Afshan Mohamedali is a Psychologist offering online therapy to clients throughout New York state and providing in-person sessions at her office on Long Island. Dr. Mohamedali works with adults across the lifespan experiencing distress due to depression, anxiety, relationship challenges, or life transitions. She also specializes in working with minority populations and those struggling with race and cultural identity concerns. Using a variety of therapeutic modalities to best suit each individual's specific challenges, Dr. Mohamedali helps clients identify and interrupt unhelpful thinking patterns in order to bring about their desired positive life changes.
We asked Dr. Mohamedali more about her work with clients and her guiding philosophies on therapy.
Dr. Mohamedali’s background and personal life
How did you decide to become a therapist?
Having grown up in a town where I was certainly a minority in more ways than one, I quickly recognized what “different” felt like. I tasked myself with trying to understand those around me so that I could possibly figure out what I needed to do, say, and think, believing that this was what I was supposed to do. I learned over time that creating my own identity felt more authentic and comfortable, integrating bits and pieces of my family’s background with what I really appreciated from the larger community.
While this has been a lifelong journey, it's one that I’ve come to feel excited about and continue to reflect on. Along the way, I learned so much about myself and other people. I know that I am not alone in these efforts and look forward to helping others navigate identities in ways that feel real to them.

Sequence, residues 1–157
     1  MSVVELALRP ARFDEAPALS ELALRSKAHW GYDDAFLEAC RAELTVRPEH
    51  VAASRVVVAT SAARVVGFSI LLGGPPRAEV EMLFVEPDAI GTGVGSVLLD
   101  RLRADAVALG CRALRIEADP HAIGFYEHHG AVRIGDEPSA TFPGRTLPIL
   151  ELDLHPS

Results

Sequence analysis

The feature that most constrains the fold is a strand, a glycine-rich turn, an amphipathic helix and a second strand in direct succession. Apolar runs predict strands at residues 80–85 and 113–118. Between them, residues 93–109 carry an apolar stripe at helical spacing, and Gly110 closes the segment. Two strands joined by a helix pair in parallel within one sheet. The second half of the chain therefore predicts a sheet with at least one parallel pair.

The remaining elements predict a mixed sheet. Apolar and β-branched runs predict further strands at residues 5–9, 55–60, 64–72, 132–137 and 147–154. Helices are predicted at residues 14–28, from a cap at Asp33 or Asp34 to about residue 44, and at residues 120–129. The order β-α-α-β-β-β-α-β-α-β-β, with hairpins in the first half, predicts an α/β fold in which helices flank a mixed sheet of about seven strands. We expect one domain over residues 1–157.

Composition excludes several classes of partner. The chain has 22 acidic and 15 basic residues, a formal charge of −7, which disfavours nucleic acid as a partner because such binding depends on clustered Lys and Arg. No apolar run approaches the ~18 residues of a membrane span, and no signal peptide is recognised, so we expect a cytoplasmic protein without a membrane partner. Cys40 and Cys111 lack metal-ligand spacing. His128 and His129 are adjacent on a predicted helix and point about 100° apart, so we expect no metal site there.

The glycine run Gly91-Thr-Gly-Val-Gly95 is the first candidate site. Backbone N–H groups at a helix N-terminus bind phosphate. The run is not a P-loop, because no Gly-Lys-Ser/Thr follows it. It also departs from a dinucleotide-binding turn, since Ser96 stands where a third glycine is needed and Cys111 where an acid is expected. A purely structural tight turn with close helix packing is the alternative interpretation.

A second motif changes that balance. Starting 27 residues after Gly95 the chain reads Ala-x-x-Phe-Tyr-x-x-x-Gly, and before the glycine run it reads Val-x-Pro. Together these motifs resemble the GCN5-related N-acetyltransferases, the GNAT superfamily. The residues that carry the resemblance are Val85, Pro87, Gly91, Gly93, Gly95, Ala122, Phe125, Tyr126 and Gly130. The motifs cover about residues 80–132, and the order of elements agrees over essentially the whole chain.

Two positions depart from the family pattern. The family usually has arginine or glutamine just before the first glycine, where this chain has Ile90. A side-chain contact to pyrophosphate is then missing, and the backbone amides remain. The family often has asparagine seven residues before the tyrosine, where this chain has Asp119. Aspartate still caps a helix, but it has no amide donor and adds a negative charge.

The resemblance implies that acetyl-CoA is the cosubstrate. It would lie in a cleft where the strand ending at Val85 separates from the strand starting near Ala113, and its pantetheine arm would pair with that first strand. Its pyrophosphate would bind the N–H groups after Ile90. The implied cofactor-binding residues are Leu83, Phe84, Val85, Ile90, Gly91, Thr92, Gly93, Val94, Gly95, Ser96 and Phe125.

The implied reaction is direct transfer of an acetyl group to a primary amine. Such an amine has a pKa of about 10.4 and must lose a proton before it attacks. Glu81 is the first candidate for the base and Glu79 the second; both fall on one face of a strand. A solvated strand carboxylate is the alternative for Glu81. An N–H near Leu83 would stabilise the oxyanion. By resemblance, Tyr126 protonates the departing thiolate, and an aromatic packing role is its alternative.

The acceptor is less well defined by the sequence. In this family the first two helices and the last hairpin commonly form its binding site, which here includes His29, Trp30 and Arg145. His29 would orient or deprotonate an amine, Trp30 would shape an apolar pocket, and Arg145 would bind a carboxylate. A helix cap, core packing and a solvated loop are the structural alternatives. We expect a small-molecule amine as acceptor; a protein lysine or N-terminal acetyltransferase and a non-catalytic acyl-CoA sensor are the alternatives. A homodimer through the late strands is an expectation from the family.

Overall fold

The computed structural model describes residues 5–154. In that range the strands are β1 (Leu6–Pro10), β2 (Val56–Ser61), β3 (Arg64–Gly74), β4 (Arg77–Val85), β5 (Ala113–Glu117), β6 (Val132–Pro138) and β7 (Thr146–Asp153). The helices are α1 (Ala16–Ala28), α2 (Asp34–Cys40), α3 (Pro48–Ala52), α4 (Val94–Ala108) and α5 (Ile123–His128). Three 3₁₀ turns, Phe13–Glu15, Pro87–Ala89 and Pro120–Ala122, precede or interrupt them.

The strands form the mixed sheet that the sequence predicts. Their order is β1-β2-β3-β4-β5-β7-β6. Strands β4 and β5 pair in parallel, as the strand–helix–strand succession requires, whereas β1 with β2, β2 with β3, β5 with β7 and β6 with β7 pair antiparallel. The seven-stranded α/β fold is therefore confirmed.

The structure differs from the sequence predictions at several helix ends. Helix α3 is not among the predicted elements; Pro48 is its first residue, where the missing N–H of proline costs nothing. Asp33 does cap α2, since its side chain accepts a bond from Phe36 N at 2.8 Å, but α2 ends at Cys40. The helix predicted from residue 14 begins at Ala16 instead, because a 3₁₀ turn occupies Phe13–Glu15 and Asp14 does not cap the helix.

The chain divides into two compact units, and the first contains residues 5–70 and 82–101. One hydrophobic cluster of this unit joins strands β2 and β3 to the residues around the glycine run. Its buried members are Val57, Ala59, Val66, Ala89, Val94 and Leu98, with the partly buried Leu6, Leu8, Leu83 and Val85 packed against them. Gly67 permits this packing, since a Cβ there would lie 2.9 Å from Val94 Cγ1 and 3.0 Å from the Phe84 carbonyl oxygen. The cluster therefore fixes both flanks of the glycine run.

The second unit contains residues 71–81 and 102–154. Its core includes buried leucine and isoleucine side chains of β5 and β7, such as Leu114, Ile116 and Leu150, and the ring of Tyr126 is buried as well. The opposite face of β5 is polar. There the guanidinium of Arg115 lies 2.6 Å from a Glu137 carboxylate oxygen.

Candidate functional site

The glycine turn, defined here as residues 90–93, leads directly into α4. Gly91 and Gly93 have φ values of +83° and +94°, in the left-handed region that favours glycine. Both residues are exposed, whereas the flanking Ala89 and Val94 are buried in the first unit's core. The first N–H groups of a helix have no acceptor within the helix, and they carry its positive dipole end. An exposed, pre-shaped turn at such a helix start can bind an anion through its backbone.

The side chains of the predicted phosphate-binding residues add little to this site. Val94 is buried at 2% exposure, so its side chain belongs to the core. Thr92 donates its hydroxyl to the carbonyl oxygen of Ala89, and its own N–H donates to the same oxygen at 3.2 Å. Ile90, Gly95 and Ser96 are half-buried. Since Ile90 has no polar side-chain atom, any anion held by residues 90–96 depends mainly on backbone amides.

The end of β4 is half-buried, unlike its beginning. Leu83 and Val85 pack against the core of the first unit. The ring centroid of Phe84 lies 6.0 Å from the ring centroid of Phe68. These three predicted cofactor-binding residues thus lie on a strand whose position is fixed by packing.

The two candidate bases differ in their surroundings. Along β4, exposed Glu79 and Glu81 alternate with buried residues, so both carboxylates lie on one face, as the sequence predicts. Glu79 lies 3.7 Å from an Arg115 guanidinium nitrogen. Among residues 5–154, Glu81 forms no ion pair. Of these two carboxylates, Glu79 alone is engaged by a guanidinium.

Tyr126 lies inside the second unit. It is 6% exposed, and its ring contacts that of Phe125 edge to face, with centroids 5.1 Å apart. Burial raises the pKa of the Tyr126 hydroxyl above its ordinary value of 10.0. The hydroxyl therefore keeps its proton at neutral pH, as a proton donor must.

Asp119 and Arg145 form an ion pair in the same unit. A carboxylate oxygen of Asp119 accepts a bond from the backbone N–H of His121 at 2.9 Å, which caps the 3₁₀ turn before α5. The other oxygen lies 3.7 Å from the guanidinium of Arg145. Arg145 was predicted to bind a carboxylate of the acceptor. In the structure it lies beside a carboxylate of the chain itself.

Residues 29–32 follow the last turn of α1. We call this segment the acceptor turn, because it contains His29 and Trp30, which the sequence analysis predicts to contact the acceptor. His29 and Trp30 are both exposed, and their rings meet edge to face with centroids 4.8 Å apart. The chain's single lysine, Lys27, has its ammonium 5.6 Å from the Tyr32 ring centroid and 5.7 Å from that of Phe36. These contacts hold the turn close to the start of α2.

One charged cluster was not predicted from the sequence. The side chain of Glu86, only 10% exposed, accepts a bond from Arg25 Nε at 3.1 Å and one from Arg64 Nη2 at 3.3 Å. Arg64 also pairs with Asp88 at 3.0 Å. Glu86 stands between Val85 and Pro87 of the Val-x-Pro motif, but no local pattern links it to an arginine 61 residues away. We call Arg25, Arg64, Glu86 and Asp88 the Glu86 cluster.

Dr. Mohamedali’s specialties and therapy philosophies
What clientele do you work with most frequently?
Many of the clients I work with present to therapy with stressors in their relationships, work, or identity. While my practice often includes clients of ethnic minority backgrounds working toward a balance of their cultural identities, my curiosity and compassion fosters work in other areas of identity as well, including major life changes, rediscovery of sexuality, and shifts in relationships. Transitioning between and integrating different identities are skills called upon time and time again. I enjoy helping clients hone these skills so that they can overcome any change that comes along in a way that feels flexible but authentic to them.
Can you tell us more about your specialty in depression?
Many clients present to therapy for help in managing depressive episodes or symptoms. I find that providing context about how depression manifests, how it differs from other related emotions, and how common it is helps clients feel comfortable exploring how their depression is unique to them. I help individuals identify the usual course of depression as it relates to thoughts, feelings, and other precipitating factors. I emphasize a balance of acceptance of current feeling states with adaptive coping mechanisms, including behavioral activation, self-compassion, and medication if necessary.
Can you tell us more about your specialty in anxiety?
Anxiety is one of the most common presenting issues for clients entering treatment with me. I start with validating anxiety as an appropriate human emotion, one that is actually adaptive and crucial to survival. This paves the way in treatment as we work toward identifying healthy and unhealthy anxiety, determining things that can be controlled, things that cannot, and things that could be controlled but shouldn’t be. I’ve found that anxious patients often look for skills or “things to do” to manage their difficult feelings, but this usually fosters even more anxiety. I encourage patients to adopt skills that are deactivating, such as mindfulness or reflective observation, and use the therapeutic space to practice.